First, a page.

Tiny Worms May Offer New Clues about Why It’s So Hard to Quit Smoking


Illustration of a cigaretteIllustration credit score: Kaitlyn Beukema

ANN ARBOR—Researchers on the University of Michigan Life Sciences Institute discovered beforehand dismissed genetic mechanism could contribute to nicotine dependence, and to the withdrawal results that may make quitting smoking so tough.

Scientists within the lab of Shawn Xu examined withdrawal responses within the millimeter-long roundworms Caenorhabditis elegans, which get hooked on nicotine similar to people.

In the findings, revealed Nov. 7 in Cell Reports, the researchers recognized particular genes and microRNA that play an important position in how the roundworms develop nicotine dependence and withdrawal responses—clues which will carry over to the mammalian realm.

The research took a recent have a look at a beforehand dismissed organic mechanism. Most badysis within the discipline has targeted on how proteins referred to as nicotine acetylcholine receptors contribute to dependence.

Related Article: Nicotine-Eating Bacteria Could Help Smokers Kick the Habit

Xu and his colleagues targeted on an earlier step within the genetic coding course of and found collection of genes have been concerned in a course of that in the end elevated the manufacturing of the nicotine receptor proteins, with microRNAs—a category of small RNA molecules that badist fine-tune gene expression—enjoying a pivotal position.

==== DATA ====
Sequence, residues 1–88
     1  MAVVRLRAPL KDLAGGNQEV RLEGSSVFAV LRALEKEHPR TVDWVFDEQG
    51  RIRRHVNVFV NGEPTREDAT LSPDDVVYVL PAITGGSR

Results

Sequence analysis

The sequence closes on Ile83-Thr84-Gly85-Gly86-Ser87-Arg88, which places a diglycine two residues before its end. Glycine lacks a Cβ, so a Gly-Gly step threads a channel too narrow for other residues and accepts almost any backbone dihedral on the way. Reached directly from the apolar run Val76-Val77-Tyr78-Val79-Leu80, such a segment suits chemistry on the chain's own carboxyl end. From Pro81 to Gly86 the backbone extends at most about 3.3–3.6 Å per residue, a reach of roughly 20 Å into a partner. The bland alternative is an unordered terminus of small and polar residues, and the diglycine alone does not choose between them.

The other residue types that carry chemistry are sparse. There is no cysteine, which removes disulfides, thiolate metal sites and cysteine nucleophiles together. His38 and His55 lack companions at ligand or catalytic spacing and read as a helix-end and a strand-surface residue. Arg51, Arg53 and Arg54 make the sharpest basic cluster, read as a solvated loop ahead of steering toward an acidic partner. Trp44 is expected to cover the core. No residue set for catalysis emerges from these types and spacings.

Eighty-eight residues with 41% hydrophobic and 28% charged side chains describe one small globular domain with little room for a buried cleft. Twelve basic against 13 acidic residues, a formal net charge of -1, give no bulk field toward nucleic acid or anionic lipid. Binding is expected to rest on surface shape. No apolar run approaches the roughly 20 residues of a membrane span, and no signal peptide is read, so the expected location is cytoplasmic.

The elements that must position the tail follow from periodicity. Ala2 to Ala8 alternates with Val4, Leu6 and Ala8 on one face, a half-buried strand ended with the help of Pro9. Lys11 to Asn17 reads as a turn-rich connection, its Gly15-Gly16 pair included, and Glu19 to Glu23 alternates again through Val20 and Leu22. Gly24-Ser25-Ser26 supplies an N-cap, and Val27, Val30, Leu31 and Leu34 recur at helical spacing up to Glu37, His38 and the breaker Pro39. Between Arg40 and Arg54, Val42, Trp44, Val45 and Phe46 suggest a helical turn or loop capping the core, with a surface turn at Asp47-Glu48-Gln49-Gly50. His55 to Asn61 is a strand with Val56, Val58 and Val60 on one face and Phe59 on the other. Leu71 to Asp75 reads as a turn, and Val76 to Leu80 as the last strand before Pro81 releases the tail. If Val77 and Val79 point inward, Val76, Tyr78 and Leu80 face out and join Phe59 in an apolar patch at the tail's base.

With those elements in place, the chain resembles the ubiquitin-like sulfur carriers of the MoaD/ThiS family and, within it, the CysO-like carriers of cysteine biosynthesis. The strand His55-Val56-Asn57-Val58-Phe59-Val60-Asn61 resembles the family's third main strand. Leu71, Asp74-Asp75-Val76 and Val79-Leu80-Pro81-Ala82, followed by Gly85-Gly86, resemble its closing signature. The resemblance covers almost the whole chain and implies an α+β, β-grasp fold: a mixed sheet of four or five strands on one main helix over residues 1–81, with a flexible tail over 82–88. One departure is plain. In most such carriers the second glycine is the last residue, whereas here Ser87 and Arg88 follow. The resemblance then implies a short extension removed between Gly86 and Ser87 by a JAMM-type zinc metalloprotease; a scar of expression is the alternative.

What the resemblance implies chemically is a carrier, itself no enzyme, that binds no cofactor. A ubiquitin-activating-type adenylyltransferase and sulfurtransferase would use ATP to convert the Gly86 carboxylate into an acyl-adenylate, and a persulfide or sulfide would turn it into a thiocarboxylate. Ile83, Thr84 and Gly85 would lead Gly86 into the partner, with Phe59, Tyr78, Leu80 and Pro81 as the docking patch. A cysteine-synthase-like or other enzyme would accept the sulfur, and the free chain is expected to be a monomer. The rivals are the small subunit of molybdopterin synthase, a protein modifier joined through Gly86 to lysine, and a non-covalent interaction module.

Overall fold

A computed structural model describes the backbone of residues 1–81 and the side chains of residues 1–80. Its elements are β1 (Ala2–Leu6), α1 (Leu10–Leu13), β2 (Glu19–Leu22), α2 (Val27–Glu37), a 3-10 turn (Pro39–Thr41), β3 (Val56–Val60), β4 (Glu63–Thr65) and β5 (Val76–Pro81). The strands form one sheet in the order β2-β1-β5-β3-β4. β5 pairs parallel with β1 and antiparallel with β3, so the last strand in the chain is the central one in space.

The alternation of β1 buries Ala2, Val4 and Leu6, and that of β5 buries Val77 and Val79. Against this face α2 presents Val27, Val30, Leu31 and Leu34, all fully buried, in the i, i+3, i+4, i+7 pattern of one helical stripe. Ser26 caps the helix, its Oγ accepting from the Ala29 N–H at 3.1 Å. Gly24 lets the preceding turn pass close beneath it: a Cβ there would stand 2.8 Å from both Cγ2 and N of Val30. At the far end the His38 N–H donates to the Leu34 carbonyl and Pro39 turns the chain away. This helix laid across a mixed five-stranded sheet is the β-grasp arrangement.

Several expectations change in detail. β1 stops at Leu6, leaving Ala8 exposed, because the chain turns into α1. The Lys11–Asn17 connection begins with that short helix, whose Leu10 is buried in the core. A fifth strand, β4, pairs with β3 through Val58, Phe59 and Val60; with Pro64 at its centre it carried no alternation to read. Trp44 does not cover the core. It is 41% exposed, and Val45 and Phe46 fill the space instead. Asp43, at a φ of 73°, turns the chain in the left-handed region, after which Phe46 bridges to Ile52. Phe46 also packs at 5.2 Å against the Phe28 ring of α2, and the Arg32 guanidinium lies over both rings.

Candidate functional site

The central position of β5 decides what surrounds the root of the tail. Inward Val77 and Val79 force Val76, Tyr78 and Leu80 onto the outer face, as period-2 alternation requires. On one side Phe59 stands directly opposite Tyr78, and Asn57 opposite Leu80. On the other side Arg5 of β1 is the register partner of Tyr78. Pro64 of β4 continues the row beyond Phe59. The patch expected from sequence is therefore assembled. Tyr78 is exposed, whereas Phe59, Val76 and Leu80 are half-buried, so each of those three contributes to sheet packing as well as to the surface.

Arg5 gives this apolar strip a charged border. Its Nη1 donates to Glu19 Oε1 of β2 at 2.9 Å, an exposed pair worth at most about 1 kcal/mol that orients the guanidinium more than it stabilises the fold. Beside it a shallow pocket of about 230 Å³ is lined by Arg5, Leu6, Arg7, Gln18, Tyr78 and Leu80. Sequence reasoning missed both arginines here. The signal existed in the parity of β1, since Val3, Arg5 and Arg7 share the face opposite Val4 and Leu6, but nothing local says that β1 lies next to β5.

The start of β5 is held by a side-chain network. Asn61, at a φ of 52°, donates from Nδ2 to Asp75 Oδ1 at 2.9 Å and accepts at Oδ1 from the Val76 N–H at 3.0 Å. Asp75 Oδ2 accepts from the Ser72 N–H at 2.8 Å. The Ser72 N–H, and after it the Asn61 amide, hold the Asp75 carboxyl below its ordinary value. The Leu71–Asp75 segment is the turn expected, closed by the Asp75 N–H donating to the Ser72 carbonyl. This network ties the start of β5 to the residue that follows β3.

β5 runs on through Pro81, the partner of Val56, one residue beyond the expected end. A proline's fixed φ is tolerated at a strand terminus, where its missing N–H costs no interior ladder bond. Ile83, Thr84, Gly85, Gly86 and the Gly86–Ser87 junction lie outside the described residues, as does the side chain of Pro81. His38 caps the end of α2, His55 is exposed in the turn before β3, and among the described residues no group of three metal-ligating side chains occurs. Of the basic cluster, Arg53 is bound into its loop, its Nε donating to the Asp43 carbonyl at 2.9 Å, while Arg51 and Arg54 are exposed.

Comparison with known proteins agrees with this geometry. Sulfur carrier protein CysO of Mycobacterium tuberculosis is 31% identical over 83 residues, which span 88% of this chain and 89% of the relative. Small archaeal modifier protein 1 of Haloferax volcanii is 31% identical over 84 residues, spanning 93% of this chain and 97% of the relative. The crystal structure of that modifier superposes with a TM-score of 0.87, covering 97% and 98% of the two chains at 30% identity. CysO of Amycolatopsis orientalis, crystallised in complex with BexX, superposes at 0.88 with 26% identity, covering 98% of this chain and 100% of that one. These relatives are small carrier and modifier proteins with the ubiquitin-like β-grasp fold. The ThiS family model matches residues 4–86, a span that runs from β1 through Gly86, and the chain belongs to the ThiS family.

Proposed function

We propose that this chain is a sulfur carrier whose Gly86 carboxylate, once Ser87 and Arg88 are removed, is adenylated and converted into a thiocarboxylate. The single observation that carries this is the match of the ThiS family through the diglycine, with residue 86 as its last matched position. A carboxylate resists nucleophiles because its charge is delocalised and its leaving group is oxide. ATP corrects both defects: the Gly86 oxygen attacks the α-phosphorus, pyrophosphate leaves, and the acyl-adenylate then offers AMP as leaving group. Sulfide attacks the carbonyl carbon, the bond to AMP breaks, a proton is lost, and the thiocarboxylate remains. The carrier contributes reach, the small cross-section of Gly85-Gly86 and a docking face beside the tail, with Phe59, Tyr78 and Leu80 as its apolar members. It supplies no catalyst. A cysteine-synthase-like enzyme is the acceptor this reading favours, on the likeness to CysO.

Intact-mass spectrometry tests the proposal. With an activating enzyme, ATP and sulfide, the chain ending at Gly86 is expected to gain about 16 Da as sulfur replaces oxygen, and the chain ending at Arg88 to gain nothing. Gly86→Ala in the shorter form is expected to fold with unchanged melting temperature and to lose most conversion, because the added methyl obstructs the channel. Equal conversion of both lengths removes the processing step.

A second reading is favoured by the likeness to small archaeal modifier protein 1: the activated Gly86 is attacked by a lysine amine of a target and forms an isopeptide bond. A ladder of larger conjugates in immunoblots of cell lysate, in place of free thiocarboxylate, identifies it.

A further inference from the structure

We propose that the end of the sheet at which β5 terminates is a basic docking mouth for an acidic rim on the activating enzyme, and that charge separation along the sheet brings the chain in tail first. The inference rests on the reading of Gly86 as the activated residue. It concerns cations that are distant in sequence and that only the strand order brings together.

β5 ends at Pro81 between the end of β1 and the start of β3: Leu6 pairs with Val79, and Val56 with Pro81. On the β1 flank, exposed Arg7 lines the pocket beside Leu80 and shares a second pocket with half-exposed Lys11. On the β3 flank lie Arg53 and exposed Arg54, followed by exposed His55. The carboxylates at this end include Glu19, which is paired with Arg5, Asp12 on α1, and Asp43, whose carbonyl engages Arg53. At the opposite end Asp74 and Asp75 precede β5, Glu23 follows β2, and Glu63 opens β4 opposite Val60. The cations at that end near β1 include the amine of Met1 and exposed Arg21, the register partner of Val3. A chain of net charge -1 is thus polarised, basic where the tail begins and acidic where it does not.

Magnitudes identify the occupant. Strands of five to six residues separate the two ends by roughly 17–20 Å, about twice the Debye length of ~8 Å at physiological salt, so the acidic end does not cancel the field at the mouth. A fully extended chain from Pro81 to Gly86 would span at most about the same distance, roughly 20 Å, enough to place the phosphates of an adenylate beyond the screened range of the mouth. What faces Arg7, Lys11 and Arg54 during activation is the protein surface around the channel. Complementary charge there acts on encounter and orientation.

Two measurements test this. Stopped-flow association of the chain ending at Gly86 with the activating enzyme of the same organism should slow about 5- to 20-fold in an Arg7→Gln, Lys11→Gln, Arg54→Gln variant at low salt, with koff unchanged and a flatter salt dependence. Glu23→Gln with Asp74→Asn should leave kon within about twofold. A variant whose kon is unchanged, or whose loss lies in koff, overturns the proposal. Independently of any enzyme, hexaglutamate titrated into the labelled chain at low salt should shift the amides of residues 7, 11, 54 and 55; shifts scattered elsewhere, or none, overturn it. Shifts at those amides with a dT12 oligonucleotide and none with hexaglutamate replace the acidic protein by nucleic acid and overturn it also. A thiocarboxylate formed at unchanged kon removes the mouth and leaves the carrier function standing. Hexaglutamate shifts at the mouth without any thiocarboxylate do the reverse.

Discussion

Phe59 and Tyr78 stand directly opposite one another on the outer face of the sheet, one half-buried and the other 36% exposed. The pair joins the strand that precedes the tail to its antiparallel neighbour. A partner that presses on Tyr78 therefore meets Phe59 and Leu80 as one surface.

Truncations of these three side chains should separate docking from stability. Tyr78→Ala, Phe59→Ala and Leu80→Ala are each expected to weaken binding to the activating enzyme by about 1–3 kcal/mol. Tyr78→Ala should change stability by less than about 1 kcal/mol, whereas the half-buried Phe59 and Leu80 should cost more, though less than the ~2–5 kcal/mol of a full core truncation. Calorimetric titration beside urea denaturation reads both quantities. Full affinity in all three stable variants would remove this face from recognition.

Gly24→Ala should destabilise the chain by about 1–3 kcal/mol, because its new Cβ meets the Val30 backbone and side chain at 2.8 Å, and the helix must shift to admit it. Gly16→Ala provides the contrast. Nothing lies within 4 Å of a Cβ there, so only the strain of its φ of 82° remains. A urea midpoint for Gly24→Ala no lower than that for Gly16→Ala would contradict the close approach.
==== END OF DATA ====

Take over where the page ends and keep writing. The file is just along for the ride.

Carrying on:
“We’re seeing a clear link between nicotine, microRNA, the receptor proteins, and nicotine-dependent behavior,” mentioned Jianke Gong, a researcher in Xu’s lab and one of many lead authors on the research.

This mechanism had been dismissed as unimportant to nicotine dependence. However, Xu identified, these conclusions have been made many years in the past, utilizing much less subtle strategies.

Xu’s lab beforehand demonstrated that the worms exhibit behavioral responses to nicotine much like what mammals expertise, and that a number of the genes concerned in nicotine dependence in worms are conserved in mammals—that means the worms are a great genetic and behavioral mannequin for learning nicotine dependence.

Xu hopes that this newest discovery in C. elegans will now lead different scientists to re-examine the position of those microRNAs in nicotine dependence in mammals, and in the end result in a greater understanding of what causes the dependence.

“People believed this question had been settled,” mentioned Xu, a professor on the LSI and within the Department of Molecular and Integrative Physiology on the U-M Medical School. “But we have better tools now. We, as a field, need to take another look at this mechanism in nicotine addiction.”

The badysis was supported by funding from the Marie Sklodowska-Curie Actions Research Fellowship Programme and the National Institutes of Health. The research authors are: Manish Rauthan, Jianke Gong, Zhaoyu Li, Seth Wescott, and X.Z. Shawn Zhu, all of U-M, and Jiangfeng Liu of the Huazhong University of Science and Technology in China.

The Cell Reports paper is titled “MicroRNA regulation of nAChR expression and nicotine-dependent behavior in C. Elegans,” DOI: 10.1016/j.celrep.2017.10.043.

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